J.B. Spins

Jazz, film, and improvised culture.

Wednesday, April 29, 2015

Stanley ’15: 12th Assistant Deacon (short)

Demonic horror can be profoundly unsettling, but it largely validates a Christian (particularly Catholic) framework of good and evil. After all, William Peter Blatty is admirably serious about his Catholic faith. While it definitely follows in the thematic tradition of The Exorcist, Jang Jae-hyun gives the possession horror story a distinctly Korean identity in 12th Assistant Deacon, which screens during the 2015 Stanley Film Festival.

Father Kim is determined to exorcise the demon possessing comatose teenager Young-shin. If he can liberate her spirit, her body might start responding as well. Tragically, the demon is particularly cruel and belligerent. Despite his repeated efforts, many of his appointed assistants have been scared off by its mocking torments. Yes, it is safe to say Deacon Choi has more than ten predecessors. To his credit, he has deep faith and can pray in multiple languages, but he too has painful memories the evil one will exploit.

On the surface level, 12th Assistant resembles any number of possession films, but its atmosphere and execution are considerably superior. It gets decidedly tense, but what really sets the film apart is its unequivocal embrace of faith and spiritual resiliency. Father Kim explicitly argues the darkness they witness necessarily implies the existence of the light. He is quite convincing, in the context of the film.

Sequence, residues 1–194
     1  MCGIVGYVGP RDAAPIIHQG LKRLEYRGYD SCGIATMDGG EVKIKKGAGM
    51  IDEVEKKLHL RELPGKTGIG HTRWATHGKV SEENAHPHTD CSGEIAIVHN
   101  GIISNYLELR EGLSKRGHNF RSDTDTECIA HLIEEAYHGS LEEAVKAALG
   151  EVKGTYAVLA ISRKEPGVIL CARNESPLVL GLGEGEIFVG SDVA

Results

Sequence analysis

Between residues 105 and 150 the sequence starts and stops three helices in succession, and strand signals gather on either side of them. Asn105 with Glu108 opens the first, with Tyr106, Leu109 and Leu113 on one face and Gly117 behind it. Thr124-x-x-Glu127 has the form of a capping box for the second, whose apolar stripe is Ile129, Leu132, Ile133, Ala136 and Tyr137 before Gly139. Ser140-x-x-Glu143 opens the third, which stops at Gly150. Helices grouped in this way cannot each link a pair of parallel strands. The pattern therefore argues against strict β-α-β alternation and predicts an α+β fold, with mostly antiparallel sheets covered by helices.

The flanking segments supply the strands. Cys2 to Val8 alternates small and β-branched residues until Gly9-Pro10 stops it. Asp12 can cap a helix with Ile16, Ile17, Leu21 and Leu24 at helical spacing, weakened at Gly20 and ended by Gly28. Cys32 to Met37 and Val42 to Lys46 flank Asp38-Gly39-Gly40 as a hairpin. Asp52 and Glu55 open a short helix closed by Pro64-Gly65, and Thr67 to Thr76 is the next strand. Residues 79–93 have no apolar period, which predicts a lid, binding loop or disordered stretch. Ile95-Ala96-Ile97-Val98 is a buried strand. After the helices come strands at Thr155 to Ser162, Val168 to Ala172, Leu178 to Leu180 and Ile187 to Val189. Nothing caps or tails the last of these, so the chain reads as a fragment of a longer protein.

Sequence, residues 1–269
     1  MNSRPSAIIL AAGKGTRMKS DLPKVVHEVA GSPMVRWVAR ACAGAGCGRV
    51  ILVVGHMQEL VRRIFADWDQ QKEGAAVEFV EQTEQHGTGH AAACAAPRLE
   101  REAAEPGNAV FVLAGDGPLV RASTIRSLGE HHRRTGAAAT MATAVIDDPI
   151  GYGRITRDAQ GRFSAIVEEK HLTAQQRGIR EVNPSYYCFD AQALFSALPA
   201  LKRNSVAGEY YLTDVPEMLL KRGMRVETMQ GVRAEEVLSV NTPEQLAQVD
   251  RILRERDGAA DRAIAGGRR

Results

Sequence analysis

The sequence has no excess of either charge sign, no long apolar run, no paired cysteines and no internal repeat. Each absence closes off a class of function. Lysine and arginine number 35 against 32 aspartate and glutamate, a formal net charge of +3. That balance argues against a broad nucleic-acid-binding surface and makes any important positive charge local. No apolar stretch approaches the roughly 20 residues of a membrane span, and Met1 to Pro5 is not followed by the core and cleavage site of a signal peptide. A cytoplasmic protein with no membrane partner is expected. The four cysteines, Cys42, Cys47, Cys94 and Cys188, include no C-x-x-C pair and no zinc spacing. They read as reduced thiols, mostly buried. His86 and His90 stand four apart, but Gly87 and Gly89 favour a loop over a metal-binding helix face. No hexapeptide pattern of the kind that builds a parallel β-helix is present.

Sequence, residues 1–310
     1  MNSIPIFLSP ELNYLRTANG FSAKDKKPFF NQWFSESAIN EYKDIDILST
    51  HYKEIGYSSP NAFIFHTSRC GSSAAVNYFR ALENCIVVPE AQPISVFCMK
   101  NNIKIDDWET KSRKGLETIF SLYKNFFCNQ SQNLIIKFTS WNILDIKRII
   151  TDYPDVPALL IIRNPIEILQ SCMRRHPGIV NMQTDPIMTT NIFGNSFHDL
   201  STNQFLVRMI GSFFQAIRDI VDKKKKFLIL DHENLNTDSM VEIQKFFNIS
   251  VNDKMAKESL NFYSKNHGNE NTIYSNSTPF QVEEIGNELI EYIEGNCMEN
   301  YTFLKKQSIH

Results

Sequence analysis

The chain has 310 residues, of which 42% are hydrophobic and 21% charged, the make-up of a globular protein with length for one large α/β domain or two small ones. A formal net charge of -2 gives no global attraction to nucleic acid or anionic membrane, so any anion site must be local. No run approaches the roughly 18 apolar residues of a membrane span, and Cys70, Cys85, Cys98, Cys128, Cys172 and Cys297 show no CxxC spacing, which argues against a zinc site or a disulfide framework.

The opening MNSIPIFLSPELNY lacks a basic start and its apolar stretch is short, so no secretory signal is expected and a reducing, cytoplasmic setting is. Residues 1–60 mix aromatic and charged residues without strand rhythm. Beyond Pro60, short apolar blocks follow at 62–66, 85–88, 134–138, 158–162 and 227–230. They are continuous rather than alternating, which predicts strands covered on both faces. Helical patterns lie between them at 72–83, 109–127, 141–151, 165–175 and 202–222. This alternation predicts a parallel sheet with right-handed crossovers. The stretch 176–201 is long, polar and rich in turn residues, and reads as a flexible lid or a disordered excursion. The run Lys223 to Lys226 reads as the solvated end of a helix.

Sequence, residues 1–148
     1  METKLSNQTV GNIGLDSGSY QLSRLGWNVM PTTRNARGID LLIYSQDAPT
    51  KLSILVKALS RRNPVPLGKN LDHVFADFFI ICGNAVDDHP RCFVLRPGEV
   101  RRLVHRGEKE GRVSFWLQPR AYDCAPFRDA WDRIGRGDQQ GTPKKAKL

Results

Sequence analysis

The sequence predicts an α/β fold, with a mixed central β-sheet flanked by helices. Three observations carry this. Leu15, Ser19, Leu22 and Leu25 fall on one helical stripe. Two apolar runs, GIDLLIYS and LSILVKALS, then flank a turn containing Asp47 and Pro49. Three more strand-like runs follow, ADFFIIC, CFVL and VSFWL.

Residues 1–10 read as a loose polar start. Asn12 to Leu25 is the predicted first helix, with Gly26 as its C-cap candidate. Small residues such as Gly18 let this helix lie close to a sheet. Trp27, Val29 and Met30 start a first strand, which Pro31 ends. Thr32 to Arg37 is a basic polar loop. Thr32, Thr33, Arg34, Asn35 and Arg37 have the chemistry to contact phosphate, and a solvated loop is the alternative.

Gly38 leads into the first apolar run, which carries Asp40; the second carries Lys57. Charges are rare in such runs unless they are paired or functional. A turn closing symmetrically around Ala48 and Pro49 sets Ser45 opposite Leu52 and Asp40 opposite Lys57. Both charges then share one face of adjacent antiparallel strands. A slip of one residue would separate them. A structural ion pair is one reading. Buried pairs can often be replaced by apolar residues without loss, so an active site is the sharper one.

Park Ji-il is absolutely terrific as the battle-hardened Father Kim. He handles the surprisingly impressive special effects scenes quite well and completely nails his big speech. Likewise, Lee Hak-joo hits all the right notes as the earnest but unprepared deacon.

This is one of the rare films Catholics, Evangelicals, and cult film connoisseurs can enjoy in equal measure. Its depiction of demon-exorcising Catholic clergy is particularly interesting, considering it was produced in South Korea, where Christianity is the largest organized religion. Yet nearly half the country is agnostic and many regard Christianity with suspicion or worse. That thorny dynamic is directly reflected in Father Kim’s complex interactions with Young-shin’s very different parents. It is a serious film, but also seriously scary. Highly recommended for horror fans, 12th Assistant Deacon screens this Friday (5/1) as part of Short Program II, at this year’s Stanley Film Festival.

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